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“The River” – Movie Night & Discussion
November 30, 2020 @ 6:00 PM - 7:30 PMFree
Another great workshop brought to you by the North Valley Public Library. “The River” is a haunting short story by the American author Flannery O’Connor. It is one of the ten stories included her short story collection A Good Man Is Hard to Find, published in 1955. Much of O’Connor’s work focuses on concepts of pride, sin, and redemption. Surprisingly, O’Connor’s work carries a cult following. You can find odd adaptations of her stories on YouTube. She said, “To the deaf you have to shout and to the blind you have to draw large startling figures.”
Flannery does indeed draw large startling figures. In this short story a young boy grows up in a home with parents preoccupied. HIs “sitter” takes him to her home where they go to the river to witness a baptism. Later the young boy returns to the river, seeking something more. Baptism plays large in one of O’Connor’s novels, “The Violent Bear It Away”. In the film discussion, Bevins will play with these themes, comparing and contrasting O’Connor’s works.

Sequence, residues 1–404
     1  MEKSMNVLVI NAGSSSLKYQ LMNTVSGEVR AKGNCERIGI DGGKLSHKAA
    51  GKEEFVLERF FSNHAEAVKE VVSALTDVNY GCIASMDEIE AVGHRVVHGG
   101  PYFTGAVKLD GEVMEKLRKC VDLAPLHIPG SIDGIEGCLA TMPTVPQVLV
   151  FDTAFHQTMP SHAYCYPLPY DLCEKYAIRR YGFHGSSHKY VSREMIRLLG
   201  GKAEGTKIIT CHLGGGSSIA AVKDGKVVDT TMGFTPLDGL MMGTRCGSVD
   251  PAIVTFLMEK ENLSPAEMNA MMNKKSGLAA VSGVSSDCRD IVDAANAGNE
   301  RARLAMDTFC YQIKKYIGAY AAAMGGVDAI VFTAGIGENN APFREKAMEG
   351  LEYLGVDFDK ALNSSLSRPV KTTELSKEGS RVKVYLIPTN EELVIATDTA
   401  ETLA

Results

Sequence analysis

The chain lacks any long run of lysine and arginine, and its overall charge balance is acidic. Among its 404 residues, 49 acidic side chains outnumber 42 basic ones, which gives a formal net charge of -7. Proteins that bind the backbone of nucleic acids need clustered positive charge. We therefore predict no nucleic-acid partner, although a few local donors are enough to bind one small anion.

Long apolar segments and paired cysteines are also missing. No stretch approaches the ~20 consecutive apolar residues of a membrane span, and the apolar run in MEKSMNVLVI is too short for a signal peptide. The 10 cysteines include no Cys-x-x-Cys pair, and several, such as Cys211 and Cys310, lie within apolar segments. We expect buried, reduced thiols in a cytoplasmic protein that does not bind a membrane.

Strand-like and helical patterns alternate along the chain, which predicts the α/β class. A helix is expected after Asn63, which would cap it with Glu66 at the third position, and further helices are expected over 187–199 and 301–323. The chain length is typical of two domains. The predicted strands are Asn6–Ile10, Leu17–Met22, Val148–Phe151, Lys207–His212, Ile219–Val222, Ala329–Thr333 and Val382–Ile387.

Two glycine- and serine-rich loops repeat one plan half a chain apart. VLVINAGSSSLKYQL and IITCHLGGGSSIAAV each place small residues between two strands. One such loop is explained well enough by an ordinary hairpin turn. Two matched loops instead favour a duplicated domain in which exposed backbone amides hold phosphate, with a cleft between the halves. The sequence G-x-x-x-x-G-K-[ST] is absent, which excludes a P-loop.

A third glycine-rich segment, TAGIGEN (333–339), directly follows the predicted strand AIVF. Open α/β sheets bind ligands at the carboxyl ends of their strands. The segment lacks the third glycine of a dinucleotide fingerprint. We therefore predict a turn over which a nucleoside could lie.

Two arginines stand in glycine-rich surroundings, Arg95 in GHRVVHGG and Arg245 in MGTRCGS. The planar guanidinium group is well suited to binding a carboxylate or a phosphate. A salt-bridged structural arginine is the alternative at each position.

“The River” was adapted to film by Barbara Noble in 1977. It runs 29 minutes and will be followed by a movie / book / author discussion with Nancy Bevins. Bevins lived in the South for over six years and explored the literary genius of Flannery O’Connor.
Mary Flannery O’Connor (March 25, 1925 – August 3, 1964) was an American novelist, short story writer and essayist. She wrote two novels and thirty-two short stories, as well as a number of reviews and commentaries.
She was a Southern writer who often wrote in a sardonic Southern Gothic style and relied heavily on regional settings and grotesque characters, often in violent situations. The unsentimental acceptance or rejection of the limitations or imperfection or difference of these characters (whether attributed to disability, race, crime, religion or sanity) typically underpins the drama. O’Connor’s novel, Wise Blood was adapted to film and directed by John Huston.
Please register on our calendar and wear a mask in the community room.